Available on BroadwayHD
Skinny fingered branches cling to walls and reach across the ceiling. Barren trees rise from a dappled forest floor. Clusters of Mason jars hold lights as if having captured fireflies. “Imagine if you will, a golden sun rising over a country of marvelous beauty…” We are east of Oz where Munchkins (normal sized human thespians) are ruled by the witch. THWAP! She suddenly appears whipping across the stage – THWAP! THWAP! extending into audience faces (a marvelously suggestive puppet) “…Other corners of Oz have been freed but not us… what hope is there for escape from evil?”
Ever wonder how the Tin Woodsman got that way? Not the Metro-Goldwyn-Mayer, Disney Company, or Broadway musical Tin Woodsman, but L. Frank Baum’s original, deeply tragic and romantic character? Presented with evocative visuals and mostly wordless dramatization, this innovative production couples actors with breathtaking puppetry to tell the real back story.
Breathing as if one, the company alters mood with movement; adds to splendid live violin music and sound effects – you‘ll never hear a monster conjured like this – with bird voice, wind moans, and singing as well as playing villagers. Evil, ragged crows, the remarkable and malevolent witch, a fantastical monster and the extraordinary Tin Man (all Bunraku style characters), are brought to life by intensely focused puppeteers.
The Woodsman is a richly manifest, well told tale, skillfully paced, beautifully performed, and as accessible to kids (not too young) as to adults. Its idealized liaison (between the witch’s tortured servant Nimmee and a young forester who becomes the Tin Woodsman) is neither frothy nor twee. Gothic attributes remind me of Frankenstein.
Artistic choices are not merely arresting, but also emotionally affecting. Watching the small model of a promised house build itself in human scale is a buoyant experience. Nimmee’s hypnotic punishment by the witch and the woodsman’s alterations are empathetically painful.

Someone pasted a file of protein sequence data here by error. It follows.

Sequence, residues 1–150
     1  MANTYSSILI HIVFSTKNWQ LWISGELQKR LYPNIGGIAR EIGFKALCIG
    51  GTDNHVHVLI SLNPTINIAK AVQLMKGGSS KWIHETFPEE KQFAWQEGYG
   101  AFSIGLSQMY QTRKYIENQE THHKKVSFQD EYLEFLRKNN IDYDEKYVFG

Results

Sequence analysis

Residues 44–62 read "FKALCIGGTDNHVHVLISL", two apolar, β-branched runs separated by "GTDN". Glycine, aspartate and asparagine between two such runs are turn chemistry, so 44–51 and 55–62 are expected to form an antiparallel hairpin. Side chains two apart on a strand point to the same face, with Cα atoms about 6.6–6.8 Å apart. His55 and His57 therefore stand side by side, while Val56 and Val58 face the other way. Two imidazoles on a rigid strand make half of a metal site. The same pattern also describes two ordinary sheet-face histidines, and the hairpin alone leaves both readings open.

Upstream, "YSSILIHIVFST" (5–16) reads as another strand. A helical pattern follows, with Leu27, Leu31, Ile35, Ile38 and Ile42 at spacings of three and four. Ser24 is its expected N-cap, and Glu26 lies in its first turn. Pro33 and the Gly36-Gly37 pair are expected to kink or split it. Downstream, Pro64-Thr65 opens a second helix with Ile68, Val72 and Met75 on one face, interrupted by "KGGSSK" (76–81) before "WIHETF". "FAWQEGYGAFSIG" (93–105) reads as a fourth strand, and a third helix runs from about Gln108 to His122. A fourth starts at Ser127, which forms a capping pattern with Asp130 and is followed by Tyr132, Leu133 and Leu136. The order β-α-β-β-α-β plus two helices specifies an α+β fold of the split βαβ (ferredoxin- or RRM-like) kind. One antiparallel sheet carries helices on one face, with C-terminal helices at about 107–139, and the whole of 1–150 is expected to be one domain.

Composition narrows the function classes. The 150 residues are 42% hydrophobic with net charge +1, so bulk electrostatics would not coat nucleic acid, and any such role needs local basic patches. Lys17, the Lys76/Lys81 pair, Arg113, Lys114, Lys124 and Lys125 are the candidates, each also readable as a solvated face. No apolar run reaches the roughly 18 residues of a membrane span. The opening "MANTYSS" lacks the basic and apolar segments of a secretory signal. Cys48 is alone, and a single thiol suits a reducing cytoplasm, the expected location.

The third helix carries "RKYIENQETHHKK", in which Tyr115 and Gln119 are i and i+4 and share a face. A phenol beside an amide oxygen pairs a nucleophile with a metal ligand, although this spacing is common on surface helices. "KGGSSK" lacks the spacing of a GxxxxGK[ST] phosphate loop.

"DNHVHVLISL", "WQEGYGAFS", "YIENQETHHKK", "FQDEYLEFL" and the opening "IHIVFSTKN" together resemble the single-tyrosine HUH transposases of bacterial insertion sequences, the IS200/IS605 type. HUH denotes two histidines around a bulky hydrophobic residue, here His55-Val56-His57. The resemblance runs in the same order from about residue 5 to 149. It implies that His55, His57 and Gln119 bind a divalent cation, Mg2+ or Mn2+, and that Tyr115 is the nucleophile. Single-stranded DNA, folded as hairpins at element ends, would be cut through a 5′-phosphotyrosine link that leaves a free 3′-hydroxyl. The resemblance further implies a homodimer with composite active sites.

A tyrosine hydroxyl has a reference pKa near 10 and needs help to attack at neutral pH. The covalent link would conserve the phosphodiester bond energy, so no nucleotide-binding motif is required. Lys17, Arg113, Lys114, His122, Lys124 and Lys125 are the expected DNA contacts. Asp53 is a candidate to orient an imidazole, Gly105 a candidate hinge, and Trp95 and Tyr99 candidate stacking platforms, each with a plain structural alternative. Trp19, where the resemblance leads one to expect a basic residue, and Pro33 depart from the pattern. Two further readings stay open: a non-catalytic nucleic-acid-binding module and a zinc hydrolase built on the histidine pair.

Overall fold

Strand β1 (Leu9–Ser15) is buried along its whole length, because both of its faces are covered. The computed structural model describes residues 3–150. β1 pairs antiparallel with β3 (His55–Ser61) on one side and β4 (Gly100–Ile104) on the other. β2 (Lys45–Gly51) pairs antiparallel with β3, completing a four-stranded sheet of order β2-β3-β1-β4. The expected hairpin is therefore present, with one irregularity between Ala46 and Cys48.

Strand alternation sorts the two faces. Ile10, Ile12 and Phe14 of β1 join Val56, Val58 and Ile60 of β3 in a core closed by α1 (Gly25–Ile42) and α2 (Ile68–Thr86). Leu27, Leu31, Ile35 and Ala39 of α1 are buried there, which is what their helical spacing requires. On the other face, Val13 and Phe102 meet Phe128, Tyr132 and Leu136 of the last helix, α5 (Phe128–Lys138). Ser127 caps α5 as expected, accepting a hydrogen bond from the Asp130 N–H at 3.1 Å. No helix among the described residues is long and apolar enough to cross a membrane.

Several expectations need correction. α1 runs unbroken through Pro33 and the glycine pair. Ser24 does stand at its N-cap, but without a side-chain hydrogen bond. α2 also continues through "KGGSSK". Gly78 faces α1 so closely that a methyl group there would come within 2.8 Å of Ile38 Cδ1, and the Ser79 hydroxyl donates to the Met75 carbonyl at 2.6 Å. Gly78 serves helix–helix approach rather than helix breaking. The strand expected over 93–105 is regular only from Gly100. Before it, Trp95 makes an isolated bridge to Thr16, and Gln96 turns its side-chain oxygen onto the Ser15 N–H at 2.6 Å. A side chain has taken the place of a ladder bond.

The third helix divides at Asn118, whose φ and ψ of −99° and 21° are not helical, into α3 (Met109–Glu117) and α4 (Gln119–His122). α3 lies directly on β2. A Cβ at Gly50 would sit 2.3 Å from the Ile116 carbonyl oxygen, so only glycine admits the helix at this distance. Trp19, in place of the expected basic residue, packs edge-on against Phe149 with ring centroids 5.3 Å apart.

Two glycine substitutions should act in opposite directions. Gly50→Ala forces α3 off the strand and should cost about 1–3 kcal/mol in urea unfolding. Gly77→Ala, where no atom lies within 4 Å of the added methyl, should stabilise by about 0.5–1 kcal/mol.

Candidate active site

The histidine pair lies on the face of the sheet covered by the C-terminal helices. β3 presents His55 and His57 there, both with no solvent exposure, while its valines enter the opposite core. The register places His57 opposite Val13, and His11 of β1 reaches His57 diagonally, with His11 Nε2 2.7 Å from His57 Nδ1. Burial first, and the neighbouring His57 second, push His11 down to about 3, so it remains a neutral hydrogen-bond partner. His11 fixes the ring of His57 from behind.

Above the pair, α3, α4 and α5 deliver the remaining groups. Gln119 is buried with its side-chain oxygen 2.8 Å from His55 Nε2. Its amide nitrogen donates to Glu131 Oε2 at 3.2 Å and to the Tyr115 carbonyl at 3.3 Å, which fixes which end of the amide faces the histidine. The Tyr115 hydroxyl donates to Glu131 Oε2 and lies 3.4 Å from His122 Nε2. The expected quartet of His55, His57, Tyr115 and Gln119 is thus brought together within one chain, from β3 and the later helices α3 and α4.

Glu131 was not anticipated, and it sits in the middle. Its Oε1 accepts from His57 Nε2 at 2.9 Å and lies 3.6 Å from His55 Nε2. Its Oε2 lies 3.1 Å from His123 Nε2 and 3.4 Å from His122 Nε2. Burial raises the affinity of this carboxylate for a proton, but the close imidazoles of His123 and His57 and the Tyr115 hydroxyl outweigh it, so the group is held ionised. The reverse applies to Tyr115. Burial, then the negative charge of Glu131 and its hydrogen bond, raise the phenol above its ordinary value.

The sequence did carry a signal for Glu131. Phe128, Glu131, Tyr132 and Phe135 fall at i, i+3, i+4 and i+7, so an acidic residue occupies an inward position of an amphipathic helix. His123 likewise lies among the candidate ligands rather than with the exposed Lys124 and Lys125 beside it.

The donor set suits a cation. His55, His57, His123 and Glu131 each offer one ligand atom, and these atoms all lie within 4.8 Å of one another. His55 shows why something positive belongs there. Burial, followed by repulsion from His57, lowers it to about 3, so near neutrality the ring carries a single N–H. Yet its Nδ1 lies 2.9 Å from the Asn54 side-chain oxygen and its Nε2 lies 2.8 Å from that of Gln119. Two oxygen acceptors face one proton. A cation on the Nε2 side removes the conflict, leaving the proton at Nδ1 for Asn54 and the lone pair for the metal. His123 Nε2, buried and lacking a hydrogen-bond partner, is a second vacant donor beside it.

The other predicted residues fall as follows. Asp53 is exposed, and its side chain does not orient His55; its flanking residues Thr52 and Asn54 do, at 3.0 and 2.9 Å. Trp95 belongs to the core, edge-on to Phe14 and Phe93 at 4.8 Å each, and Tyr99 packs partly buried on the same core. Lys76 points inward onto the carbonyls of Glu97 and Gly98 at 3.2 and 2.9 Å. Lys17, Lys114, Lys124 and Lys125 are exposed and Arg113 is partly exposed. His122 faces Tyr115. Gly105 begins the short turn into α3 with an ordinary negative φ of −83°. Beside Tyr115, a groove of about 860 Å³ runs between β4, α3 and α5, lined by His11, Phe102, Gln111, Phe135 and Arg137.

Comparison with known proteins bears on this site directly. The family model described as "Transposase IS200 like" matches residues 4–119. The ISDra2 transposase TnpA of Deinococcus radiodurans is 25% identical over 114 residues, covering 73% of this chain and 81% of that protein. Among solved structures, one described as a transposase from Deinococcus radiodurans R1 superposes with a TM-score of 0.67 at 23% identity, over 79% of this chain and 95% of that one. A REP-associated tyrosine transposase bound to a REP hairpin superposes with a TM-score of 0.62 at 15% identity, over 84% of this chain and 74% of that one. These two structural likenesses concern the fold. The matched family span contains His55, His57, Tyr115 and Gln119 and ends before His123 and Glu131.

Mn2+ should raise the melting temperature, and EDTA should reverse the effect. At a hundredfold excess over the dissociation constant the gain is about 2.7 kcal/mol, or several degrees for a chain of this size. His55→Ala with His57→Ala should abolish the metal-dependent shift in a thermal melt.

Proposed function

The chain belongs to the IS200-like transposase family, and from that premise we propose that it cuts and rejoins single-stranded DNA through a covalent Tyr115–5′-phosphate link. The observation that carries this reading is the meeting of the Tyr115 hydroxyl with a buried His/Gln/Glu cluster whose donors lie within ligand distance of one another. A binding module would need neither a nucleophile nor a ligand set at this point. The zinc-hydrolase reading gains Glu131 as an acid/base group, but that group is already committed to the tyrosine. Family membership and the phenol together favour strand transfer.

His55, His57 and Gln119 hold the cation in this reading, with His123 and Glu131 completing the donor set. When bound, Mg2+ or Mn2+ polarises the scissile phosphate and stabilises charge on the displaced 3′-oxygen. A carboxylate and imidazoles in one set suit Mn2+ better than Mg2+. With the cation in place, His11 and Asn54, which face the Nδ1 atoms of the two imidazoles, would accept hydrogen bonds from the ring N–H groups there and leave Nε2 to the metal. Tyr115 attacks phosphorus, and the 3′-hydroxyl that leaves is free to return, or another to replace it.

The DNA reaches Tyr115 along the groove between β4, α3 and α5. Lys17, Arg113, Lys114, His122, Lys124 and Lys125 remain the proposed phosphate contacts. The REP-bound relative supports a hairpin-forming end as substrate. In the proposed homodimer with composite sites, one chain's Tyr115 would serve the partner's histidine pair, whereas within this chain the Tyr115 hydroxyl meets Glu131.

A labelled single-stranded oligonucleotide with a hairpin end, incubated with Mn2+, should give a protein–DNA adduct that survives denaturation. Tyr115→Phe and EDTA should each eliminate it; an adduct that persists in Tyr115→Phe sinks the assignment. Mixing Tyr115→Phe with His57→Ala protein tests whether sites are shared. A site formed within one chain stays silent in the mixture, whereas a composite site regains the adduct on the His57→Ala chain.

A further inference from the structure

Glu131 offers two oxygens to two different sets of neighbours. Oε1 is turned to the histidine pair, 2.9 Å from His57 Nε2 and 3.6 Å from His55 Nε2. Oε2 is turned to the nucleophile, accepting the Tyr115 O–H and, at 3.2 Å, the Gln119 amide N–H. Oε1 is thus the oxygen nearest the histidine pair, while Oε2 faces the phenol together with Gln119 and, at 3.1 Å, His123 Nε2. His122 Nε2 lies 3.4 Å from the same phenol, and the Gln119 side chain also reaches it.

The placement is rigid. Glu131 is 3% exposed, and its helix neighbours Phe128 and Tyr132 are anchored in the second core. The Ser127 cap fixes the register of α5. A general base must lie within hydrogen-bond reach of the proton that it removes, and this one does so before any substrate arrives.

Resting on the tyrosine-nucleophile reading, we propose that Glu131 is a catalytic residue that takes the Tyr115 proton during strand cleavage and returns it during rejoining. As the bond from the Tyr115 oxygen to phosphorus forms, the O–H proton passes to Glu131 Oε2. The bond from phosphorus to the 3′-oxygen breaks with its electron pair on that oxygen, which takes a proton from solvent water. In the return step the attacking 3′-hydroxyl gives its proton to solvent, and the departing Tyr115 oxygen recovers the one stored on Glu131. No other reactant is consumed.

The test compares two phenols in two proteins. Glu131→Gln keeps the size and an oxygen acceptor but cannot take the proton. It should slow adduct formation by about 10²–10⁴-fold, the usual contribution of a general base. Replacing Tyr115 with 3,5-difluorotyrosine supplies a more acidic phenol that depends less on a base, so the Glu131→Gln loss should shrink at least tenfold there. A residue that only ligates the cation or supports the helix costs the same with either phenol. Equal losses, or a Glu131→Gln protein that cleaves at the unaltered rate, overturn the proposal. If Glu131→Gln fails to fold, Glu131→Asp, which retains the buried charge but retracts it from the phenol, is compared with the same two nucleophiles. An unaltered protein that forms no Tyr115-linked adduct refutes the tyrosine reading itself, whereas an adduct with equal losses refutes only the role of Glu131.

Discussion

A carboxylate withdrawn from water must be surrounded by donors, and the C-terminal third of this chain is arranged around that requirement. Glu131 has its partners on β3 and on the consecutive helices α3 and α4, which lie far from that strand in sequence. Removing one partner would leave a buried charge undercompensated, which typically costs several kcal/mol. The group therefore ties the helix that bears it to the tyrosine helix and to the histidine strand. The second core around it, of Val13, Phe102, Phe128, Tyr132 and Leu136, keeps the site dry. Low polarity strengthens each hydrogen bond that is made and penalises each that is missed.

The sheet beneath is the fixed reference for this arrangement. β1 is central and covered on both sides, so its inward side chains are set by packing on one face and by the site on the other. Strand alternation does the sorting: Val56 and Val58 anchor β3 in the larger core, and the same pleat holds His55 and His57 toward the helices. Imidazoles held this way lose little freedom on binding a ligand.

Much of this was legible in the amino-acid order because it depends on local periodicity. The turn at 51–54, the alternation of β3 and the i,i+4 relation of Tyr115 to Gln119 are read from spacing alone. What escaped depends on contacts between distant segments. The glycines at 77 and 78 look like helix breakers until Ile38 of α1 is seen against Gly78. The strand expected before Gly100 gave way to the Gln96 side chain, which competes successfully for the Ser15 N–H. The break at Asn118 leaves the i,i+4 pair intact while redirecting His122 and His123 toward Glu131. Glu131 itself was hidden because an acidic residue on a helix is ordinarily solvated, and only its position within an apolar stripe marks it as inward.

Originator James Ortiz plays both narrator and the Tin Woodsman with grace and pathos. His speech is mellifluous, innocence embodied, the hero’s unconditional love believable. Ortiz looks like a cross between Heathcliff from Wuthering Heights and someone from a garage band. He might easily have a career solely as an actor but has, it seems, other talents and plans. An artist to be watched.
Eliza Simpson’s Nimmee is ethereal. The actress personifies anxious subservience and surprised-at-herself rebellion as well as she does womanly devotion. She moves like a dancer.
Carol Uraneck’s costumes are apt and harmonious. Catherine Clark’s lighting design is painterly. Music and lyrics by Jennifer Loring sound wonderfully folkloric. James Ortiz’s puppets and scenery are inspired.
There were 13 sequels to The Wizard of Oz. I’d venture to guess few of us are familiar with any of them. If this is any indication, a neglected treasure trove exists.
Note to audience: Glittering silver slippers make a brief appearance at the end of this piece. Judy Garland’s ruby slippers were a direct response from MGM’s desire to showcase the innovation of Technicolor. Baum himself makes no reference to red.
Photos by Hunter Canning Courtesy of the production
Strangemen & Co. presents
The Woodsman by James Ortiz
Directed by James Ortiz and Claire Karpen
Instrumental Music by violinist Edward W. Hardy
Set and Puppet Designer – James Ortiz